Clinical Profile of Ventricular Septal Defect in Children in a Tertiary Care Hospital in Bangladesh

Md. Abu Sayed Munsi *

Department of Paediatric Cardiology, Bangladesh Shishu Hospital and Institute, Dhaka, Bangladesh.

Rizwanul Ahsan Bipul

Department of Paediatrics, Bangladesh Shishu Hospital and Institute, Dhaka, Bangladesh.

Maher Akther

Department of Paediatrics, Comilla Medical College and Hospital, Comilla, Bangladesh.

Md. Abu Sayeed

Department of Paediatrics, Bangladesh Shishu Hospital and Institute, Dhaka, Bangladesh.

*Author to whom correspondence should be addressed.


Background: Ventricular septal defect (VSD) is the most prevalent congenital heart abnormality, comprising a quarter of all cases. When these VSDs are small and cause a left-to-right shunt, patients often remain asymptomatic, with the condition typically detected during routine physical examinations. On the other hand, larger VSDs can lead to a range of distressing symptoms in infants, including difficulty breathing, feeding challenges, inadequate growth, excessive sweating, and even early-onset cardiac failure.

Objective: The objective of the study was to analysis the clinical profile and size and type of VSD in Paediatric patients admitted in a tertiary care hospital in Dhaka, Bangladesh.

Methods: This prospective cross-sectional study spanned six months, commencing in January 2022 and concluding in June 2022. The research was conducted within the Department of Pediatric Cardiology at the Bangladesh Shishu Hospital and Institute. The study focused on children aged one month to eighteen who had received a clinical diagnosis of Ventricular Septal Defect (VSD). The confirmation of this diagnosis was achieved through echocardiography. Only cases where VSD was the sole cardiac abnormality were included in the study cohort. Data collection and subsequent analysis were conducted using SPSS version 24.0.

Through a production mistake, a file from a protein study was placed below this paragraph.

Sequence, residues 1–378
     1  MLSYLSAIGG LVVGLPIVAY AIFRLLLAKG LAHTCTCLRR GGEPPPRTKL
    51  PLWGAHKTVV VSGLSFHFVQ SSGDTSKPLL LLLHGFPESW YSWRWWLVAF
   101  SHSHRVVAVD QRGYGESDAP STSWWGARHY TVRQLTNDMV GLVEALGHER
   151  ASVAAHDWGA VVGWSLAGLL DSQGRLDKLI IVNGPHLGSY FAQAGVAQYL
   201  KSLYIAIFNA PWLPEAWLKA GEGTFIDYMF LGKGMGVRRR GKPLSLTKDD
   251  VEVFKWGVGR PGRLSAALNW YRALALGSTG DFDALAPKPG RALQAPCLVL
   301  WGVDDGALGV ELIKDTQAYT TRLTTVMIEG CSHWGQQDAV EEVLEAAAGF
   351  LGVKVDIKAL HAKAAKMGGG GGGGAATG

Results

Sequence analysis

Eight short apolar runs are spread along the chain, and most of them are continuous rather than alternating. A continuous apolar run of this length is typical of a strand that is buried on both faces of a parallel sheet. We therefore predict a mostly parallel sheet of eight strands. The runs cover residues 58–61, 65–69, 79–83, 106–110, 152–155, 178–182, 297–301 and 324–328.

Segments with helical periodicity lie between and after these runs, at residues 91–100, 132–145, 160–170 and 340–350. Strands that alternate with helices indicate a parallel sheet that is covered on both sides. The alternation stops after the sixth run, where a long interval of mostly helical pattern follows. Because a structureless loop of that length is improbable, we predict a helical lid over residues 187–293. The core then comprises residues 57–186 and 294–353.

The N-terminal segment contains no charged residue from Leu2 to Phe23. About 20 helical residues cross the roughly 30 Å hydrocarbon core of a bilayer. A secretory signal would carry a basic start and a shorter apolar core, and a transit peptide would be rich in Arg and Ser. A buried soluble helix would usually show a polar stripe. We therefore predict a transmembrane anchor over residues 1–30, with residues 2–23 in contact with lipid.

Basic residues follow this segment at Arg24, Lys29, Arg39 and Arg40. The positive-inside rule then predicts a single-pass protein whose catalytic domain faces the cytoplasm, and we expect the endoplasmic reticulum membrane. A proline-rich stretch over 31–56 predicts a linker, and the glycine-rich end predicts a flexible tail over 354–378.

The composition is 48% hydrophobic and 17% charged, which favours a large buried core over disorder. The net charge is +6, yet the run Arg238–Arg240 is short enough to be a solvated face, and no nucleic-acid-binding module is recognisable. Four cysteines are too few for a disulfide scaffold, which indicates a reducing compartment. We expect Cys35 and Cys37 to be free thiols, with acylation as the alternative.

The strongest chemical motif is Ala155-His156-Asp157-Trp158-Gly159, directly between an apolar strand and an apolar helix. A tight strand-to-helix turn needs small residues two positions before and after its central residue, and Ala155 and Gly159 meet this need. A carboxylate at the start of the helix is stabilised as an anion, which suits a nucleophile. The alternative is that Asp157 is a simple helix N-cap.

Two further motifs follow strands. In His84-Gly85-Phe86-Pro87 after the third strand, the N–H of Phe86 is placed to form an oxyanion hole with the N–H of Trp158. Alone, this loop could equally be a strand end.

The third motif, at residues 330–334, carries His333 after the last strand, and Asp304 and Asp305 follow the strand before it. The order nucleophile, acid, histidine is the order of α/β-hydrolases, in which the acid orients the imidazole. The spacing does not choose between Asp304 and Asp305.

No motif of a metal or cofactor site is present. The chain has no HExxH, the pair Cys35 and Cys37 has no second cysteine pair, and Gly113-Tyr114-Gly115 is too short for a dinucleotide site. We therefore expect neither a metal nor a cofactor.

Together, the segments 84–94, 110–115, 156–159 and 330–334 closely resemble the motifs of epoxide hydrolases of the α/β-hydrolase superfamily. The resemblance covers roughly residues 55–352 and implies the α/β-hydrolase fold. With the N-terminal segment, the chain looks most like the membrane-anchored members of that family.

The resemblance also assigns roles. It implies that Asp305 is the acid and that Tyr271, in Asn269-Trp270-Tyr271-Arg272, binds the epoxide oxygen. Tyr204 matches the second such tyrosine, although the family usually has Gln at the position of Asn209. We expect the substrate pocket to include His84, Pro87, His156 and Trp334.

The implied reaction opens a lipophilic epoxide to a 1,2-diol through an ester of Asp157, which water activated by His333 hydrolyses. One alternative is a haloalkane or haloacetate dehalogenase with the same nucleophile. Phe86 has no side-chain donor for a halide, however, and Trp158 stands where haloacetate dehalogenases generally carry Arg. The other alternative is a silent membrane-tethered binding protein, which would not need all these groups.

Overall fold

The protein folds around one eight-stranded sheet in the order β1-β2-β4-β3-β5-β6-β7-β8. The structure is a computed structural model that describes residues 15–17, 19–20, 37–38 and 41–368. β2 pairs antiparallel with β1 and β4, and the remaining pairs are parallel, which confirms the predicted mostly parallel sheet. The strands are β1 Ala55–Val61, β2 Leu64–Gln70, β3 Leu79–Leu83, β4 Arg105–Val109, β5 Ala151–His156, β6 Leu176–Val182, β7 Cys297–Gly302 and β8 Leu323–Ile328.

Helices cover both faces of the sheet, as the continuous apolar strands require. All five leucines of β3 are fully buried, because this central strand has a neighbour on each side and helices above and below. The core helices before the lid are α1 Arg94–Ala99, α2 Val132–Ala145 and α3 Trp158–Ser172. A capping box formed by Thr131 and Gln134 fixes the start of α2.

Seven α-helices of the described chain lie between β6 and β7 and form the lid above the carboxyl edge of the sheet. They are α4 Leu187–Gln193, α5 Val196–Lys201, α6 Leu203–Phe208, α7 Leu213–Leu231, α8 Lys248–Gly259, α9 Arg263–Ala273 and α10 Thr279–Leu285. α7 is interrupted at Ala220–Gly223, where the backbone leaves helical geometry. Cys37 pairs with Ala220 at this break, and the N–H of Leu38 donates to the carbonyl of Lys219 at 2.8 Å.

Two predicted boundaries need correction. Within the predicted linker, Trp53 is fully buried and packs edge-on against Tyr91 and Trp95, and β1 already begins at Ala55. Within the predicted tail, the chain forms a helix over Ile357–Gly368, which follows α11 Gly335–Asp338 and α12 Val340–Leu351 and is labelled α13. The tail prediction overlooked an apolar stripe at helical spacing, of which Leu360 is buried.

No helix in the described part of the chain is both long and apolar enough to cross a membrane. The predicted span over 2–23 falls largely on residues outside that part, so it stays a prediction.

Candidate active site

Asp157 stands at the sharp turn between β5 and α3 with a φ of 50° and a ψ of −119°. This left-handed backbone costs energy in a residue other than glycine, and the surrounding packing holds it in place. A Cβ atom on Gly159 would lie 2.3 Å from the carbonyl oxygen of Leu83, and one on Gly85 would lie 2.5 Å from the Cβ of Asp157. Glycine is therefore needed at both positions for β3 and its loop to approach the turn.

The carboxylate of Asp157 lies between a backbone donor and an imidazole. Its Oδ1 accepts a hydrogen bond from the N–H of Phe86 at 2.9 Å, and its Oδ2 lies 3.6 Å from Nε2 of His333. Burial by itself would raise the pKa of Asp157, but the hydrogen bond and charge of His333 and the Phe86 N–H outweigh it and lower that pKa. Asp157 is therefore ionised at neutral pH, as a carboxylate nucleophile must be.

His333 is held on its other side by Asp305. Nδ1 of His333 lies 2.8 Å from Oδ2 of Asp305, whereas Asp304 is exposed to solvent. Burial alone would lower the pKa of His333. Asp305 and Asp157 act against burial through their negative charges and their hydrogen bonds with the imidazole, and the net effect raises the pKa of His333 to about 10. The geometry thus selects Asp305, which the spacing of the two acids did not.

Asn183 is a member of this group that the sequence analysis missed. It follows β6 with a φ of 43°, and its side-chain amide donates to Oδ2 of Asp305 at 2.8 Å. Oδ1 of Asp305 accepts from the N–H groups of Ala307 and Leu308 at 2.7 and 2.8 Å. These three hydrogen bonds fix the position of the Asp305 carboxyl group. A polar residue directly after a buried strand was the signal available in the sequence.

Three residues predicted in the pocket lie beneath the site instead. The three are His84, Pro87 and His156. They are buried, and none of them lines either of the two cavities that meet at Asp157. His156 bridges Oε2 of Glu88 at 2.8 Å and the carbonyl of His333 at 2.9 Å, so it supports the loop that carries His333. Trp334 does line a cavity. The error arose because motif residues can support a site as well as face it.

Results: Among the total of 135 cases, 55.6% were male and 44.4% were female with male female ratio 1.25:1. 76.3 % cases presented in 1st year of life. Perimembranous VSD was the commonest (79.3%) followed by muscular (8/1%), Inlet (7.4%) and doubly committed VSD (5.2%). Common symptoms were cough (98.5%), fever (88.1%), breathlessness (85.1%), feeding problem (83.7%), failure to thrive (74.8%) and common sign were Pansystolic murmur (100%), tachypnea (98.5%), tachycardia (70/4%), crepitation (91.1%), subcostal retraction (98.5%), hepatomegaly (70.4%) and wheeze (7.4%) were the frequent clinical findings. Down syndrome associated with inlet VSD (2.9%). Complications associated with VSD were pneumonia (91.1%), malnutrition (74.8%), congestive cardiac failure (CCF) (70.4%), Eisenmenger syndrome (1.5%) and Infective endocarditis (1.5%).

Conclusion: The perimembranous type is the most prevalent form of Ventricular Septal Defect (VSD). VSDs that are moderate to large can lead to severe symptoms and various complications. Timely identification and appropriate treatment are crucial in averting these associated complications, ultimately decreasing mortality and morbidity rates among affected children.

Keywords: Ventricular septal defect, pansystolic murmur, echocardiography, infective endocarditis

How to Cite

Munsi , M. A. S., Bipul , R. A., Akther , M., & Sayeed , M. A. (2023). Clinical Profile of Ventricular Septal Defect in Children in a Tertiary Care Hospital in Bangladesh. Asian Journal of Cardiology Research, 6(1), 385–392. Retrieved from


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